Blog: Driving Success Right Off the Cliff

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All businesses are driven toward success. Of course, success can be a subjective thing, depending on whom you ask. It’s ironic to think that from an organizational development perspective, the preoccupation with continued success can mark the beginning of long-term failure.

Francesca Gino and Bradley Staats, in their Harvard Business Review article, “Why Organizations Don’t Learn,” suggest excessive focus on growth and performance creates challenges for any business, including:

    • Bias Toward Success — excessive focus on winning
    • Fear of Failure — hesitation to innovate for fear of retribution
    • Fixed Mindset (vs. Growth Mindset) — limits the ability to learn because it makes individuals focus too much on performing well
    • Overreliance on Past Performance — Wins valued over demonstrable skills and competencies
  • Attribution Bias — Ascribing successes to hard work, brilliance, and skill rather than luck, timing, and circumstance

If you start to see these things in your organization, you may be steering toward the guardrail without even realizing it. A fixed corporate mindset may be the one that made you successful, but it won’t be the one that keeps you there. If there’s one thing we know about modern workplace is that it is in a constant state of change.

Leading Stanford psychologist Carol Dweck argued that the pivotal quality separating successful people from their unsuccessful counterparts is whether they think their intelligence can be developed (growth mindset) versus believing it is fixed. In an interview with Education World magazine, she shared this topic in relationship to students:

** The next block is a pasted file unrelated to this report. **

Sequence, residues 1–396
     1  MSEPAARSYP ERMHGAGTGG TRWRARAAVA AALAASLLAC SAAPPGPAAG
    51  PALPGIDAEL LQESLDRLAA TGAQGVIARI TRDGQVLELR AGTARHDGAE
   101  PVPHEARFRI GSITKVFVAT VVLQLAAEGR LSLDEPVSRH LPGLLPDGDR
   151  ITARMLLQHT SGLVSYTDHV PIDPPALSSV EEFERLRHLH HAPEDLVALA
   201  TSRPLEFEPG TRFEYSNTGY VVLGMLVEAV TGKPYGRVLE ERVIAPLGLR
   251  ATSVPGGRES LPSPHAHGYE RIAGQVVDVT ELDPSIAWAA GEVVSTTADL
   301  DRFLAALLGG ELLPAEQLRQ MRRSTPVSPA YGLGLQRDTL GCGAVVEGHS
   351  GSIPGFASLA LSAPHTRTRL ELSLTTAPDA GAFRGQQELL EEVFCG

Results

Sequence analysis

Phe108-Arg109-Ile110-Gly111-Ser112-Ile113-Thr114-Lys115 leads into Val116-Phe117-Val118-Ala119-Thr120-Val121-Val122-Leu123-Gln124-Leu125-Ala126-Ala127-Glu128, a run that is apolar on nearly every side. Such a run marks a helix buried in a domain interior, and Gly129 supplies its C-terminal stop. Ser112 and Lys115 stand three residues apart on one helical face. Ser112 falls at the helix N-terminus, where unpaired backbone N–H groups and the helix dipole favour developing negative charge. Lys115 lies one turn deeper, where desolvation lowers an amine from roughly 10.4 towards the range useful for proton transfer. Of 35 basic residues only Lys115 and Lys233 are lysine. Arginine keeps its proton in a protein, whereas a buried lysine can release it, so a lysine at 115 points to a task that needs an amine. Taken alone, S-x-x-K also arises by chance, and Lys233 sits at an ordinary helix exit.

“This is something that really intrigued me from the beginning. It shows that being mastery-oriented is about having the right mindset. It is not about how smart you are. However, having the mastery-oriented mindset will help students become more able over time.”

The same that holds true for students holds true for all members of the professional workforce. If the corporate culture remains focused on winning and sustained success through a fixed mindset, it is doomed to fail.

There is supportive science to back these claims, too.

Jason S. Moser and his colleagues at Michigan State University examined the neural mechanisms underlying these differing reactions to mistakes. Data showed that those with a fixed mindset display considerably less brain activity than those with a growth mindset, who actively process errors and learn from them.

What it comes down to is this; people as well as organizations need to be able to make mistakes and learn from them.

In the world of education, they are preaching, teaching, and implementing ways to encourage and foster a growth mindset with students. These strategies include:

  1. Play up personal strengths
  2. Play down competitions
  3. Provide opportunities to try out new things
  4. Encourage practice
  5. Celebrate mistakes
  6. Idealize improvement
  7. Praise hard work and effort

I know this is great for education, which is a controlled learning environment, but in a corporate setting could these strategies really fly?

The answer is yes, mostly.

As businesses continue to move toward a competency-based performance model, the metrics are being put in place that will target improvement, effort, and growth in skills and knowledge over more subjective criteria. However, trying to remove competition from the equation will be a much greater challenge, as that is a primary driver for all for-profit companies.

The greatest strategy that will save successful companies from growing complacent and falling asleep at the wheel will be their willingness to encourage innovation (see fear of failure).

Jeff Bezos of Amazon is right in saying:

“Because, you know, resilience — if you think of it in terms of the Gold Rush, then you’d be pretty depressed right now because the last nugget of gold would be gone. But the good thing is, with innovation, there isn’t a last nugget. Every new thing creates two new questions and two new opportunities.”

Joseph F. Bastian, president of The Human Performance Network, is a regular contributor to DBusiness.com and DBusiness Daily News.

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